roller-coaster-2Over the past 12 months I had the great opportunity to work on a major change initiative.  What was great is that I was put in a role where I had to be 100 % proactive. I had no direct scope and no direct reports.   It was a role which allowed me to establish my own vision, my own direction and then work proactively towards the outcome.  I had to learn to influence rather than have any direct authority, and work through others to elicit change.  This was a big shift coming off a role where I had my own team, and a lot of direct influence.

I learnt a couple of things from this experience:

  • Success comes through how you get others to do your work for you.  You need to engage with others and sell them the benefits so they drive the change on your behalf to create a momentum.  Identify your allies, evangelists, and opponents and strategically work with them as the journey progresses.
  • Be patient as change takes time.  Don’t feel like you need to be out communicating for the sake of it.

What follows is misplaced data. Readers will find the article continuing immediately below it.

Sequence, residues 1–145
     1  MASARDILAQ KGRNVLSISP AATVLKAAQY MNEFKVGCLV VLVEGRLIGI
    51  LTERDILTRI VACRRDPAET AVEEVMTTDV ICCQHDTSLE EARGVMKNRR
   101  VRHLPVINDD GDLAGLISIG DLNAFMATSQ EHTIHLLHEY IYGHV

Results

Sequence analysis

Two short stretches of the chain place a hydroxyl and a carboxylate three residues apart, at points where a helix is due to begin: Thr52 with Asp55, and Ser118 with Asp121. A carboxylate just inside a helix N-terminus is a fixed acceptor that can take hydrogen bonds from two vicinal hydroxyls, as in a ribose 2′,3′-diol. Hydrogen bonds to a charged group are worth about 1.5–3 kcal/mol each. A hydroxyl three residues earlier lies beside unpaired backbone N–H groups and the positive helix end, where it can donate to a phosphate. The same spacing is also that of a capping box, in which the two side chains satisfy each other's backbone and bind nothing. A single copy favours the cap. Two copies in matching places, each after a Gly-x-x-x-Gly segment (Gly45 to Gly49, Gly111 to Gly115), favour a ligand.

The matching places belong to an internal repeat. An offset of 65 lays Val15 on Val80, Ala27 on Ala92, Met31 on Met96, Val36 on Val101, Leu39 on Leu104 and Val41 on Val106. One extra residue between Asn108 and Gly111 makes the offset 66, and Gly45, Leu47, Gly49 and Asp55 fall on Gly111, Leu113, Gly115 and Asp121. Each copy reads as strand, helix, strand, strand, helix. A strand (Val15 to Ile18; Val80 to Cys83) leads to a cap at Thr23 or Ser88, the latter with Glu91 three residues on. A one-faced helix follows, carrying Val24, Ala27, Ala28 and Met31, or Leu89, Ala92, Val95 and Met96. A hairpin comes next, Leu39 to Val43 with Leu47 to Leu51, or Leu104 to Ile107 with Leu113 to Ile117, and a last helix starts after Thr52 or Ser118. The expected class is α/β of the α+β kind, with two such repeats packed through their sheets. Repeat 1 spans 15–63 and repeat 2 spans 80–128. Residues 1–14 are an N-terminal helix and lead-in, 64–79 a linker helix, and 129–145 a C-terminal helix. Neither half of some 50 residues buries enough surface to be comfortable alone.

• The change process is not perfect.  You make 2 steps forward, 1 step back and 3 steps sideways.
  • Be methodical and have a clear plan, but also adaptable and flexible to jump on an opportunity or re-strategise as you go.
  • Be in touch with your audience.  Being a change management expert or communications expert is not enough. You also need to understand the business and have the ability to read people.
  • Link everything back to core business.  If you can’t do this, then people won’t see the value in what you are doing.
  • Focus on the why not just the how and the what.
  • How you use your non-productive time is just as important as how you use your productive time.  During quiet stages of the project ensure you set yourself up well for the busy periods.
  • Don’t be a mega blaster.  Overloading communications, and blasting out messages is an easy option but it creates overload and over hypes the change.  Don’t be selfish in making your project everyone else’s number 1 priority.  Recognise they have their day jobs and normal priorities.    Your communications strategy needs to be well thought through, well timed, and to the point.
  • Don’t assume.
  • Ensure everyone on the project is clear on expectations and role clarity upfront.  Under the pressure of deadlines it is easy to just jump in and ‘get on with it’ but if people don’t understand their expectations and the roles of others in the team a lot of energy gets wasted.
  • You need to be resilient and persistent.  Don’t think it will be easy and don’t expect to be congratulated on every step of the journey.  People will resist change at one point and embrace at other points.  It is a rollercoaster but stay on the course.